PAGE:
U.S. cotton producers intend to plant 14.05 million acres of cotton this spring, up 0.6 percent from 2002, according to the National Cotton Council's 20th annual early season planting intentions survey.
Upland cotton intentions are 13.86 million acres, an increase of 1.1 percent from 2002 plantings of 13.72 million acres. Extra long staple (ELS) intentions of 184,000 acres represent a 24.7 percent decline from 2002.
The results were announced at the NCC's 64th annual meeting in Tampa, Fla.
With average abandonment, total upland and ELS harvested area would be about 12.7 million acres. Applying each state's average yield to its 2003 projected harvested acres generates a crop of 17.1 million bales, 16.64 million bales of upland cotton and 453,000 bales of ELS cotton. This compares to 2003's total production of 17.15 million bales, according to USDA's January 2003 estimate. Cottonseed production for 2003 is projected at 6.38 million tons, virtually unchanged from the 2002 level.
Intended cotton acreage rose over last year in all regions except the Southeast, where plantings are expected to decline 5 percent. The largest upland decline since last year, 19.4 percent, is expected in South Carolina.
Mid-South cotton acreage is expected to rise 3.3 percent over last year, with a 28.2 percent increase to 731,000 acres in Tennessee and a 2.4 percent increase in Mississippi offsetting drops in Arkansas, Louisiana and Missouri.
Texas growers say they will plant 5.7 million acres in cotton this year, a 3.2 percent increase over last year. Kansas and Oklahoma are also projecting more cotton plantings.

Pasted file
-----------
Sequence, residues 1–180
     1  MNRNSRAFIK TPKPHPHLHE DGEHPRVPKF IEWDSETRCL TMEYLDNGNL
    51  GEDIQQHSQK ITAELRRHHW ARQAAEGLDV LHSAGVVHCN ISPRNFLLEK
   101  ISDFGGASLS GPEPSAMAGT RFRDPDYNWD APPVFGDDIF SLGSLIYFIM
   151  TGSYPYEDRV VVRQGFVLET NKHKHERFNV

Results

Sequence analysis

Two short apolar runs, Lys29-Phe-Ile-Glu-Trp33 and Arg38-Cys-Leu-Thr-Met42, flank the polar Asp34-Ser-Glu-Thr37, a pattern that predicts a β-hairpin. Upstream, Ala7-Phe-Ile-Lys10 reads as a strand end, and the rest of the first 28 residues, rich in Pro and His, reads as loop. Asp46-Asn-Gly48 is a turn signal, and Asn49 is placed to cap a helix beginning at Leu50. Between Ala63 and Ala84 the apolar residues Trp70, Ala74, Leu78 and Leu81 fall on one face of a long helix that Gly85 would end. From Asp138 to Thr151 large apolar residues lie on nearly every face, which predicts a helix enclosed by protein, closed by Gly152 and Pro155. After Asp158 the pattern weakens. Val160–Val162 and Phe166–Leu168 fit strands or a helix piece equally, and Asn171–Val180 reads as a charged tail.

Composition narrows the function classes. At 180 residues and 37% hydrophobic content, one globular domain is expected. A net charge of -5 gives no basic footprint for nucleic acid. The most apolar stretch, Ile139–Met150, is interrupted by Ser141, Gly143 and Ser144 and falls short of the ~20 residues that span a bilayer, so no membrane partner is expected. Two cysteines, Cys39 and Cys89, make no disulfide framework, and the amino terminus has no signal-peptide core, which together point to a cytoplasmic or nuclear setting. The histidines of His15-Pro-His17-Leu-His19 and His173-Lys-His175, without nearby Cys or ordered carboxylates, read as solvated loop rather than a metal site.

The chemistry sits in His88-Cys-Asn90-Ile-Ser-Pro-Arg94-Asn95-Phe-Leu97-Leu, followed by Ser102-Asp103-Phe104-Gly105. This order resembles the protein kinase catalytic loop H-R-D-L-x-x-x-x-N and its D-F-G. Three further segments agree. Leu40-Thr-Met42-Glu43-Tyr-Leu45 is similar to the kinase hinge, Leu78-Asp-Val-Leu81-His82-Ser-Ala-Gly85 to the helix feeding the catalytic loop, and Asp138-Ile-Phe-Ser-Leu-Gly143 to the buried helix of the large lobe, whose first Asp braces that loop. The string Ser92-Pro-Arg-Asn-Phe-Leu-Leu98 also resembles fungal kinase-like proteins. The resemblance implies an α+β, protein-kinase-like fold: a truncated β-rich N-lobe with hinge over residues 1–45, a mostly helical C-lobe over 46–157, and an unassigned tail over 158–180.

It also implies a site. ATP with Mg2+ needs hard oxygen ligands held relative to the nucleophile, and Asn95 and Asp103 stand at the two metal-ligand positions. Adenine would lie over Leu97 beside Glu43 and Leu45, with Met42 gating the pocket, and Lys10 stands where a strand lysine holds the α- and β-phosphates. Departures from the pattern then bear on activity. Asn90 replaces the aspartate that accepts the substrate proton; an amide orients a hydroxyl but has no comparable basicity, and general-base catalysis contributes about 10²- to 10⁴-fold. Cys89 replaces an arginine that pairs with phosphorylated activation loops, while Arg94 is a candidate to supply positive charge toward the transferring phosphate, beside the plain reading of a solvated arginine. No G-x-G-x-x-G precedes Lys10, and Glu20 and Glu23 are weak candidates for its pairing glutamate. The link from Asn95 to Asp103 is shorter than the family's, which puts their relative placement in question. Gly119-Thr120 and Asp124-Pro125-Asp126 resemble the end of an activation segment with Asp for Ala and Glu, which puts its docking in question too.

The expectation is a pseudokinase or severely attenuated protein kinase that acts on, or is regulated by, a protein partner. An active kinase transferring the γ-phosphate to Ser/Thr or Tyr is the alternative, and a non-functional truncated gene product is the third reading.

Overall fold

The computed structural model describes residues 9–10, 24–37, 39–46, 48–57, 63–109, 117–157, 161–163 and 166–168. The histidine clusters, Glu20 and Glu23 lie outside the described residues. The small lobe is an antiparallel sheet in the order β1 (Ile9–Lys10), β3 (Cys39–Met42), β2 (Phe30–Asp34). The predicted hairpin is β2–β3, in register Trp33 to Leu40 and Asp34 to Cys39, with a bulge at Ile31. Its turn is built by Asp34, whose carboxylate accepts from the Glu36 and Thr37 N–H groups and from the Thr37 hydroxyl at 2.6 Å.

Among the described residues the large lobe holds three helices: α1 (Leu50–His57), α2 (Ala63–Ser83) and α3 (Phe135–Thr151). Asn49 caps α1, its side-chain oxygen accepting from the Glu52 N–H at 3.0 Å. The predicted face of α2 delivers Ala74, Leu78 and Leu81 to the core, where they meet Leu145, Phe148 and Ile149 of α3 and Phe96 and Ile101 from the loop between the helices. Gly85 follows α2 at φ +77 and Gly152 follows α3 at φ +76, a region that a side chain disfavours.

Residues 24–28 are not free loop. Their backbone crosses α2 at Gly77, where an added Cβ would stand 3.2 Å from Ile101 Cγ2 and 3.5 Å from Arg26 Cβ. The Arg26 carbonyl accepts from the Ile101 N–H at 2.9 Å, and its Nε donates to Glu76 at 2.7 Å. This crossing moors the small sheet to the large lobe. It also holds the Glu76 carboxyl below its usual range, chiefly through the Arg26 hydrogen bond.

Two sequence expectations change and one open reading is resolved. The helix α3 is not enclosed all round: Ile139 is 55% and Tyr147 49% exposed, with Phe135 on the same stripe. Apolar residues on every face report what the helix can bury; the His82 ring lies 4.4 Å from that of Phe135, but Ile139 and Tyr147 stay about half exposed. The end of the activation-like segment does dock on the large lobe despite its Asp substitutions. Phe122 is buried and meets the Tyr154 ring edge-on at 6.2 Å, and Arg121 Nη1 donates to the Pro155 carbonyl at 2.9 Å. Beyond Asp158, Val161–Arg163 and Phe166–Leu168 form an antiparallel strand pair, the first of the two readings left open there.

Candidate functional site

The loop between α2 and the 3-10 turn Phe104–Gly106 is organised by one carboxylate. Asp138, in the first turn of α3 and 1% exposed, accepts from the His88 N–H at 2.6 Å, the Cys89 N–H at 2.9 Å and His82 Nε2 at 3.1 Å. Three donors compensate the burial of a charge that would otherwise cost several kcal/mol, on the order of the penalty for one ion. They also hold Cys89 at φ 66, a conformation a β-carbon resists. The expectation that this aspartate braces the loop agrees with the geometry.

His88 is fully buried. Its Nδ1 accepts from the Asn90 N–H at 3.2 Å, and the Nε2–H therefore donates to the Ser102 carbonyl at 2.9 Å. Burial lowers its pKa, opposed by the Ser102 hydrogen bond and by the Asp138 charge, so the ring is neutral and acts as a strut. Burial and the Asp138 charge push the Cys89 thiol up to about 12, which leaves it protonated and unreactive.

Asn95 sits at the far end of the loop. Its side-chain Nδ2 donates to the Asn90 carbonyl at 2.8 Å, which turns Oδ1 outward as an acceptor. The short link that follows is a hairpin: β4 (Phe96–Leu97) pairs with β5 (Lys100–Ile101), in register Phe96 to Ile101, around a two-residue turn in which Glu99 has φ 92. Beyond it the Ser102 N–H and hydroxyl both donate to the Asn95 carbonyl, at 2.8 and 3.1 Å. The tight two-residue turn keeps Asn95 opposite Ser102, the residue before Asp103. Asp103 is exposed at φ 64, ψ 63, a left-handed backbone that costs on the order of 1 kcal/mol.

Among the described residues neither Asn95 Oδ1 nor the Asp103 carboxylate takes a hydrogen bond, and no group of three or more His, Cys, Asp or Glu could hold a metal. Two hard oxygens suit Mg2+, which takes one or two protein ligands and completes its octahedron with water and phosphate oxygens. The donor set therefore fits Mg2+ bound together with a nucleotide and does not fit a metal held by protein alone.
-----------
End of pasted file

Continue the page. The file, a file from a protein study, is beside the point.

The West intends to plant 757,000 acres of Upland cotton this year, a 1.1 percent increase. Small declines in Arizona and California were offset by an increase in intended acreage in New Mexico.
The NCC survey was mailed in late December 2002 to about one-third of the cotton producers across the U.S. Surveys had to be returned by late January in order to be included in the results.
Gary Adams, vice president of economic and policy analysis, noted a number of factors in determining an acreage number that is only slightly different from last year.
“Prices of cotton, as well as competing crops such as corn and soybeans, have improved from year-earlier levels,” Adams said. “However, in the case of cotton and soybeans, current futures suggest that grower returns will still be consistent with loan values or just slightly better for this year's crop. Corn prices have fared slightly better than either cotton or soybeans, and as a result, we may see some acres shift from cotton into corn. As an offset, changes in the peanut program under the 2002 farm bill may lead to additional acres shifted into cotton.”
The economist said the decline in ELS acreage comes in response to prices that remain pressured below historical averages.
According to Adams, the NCC's forecast of 14.05 million acres is generally in-line with industry expectations. Based on survey results, the Mid-South and the Southwest show the largest increases with plantings up 3.3 percent and 3.2 percent, respectively. A decrease of 5 percent is indicated for the Southeast, which may reflect some pessimism and financial stress in a region that suffered through one of the worst droughts in history. Upland acreage in the West is up 1.1 percent.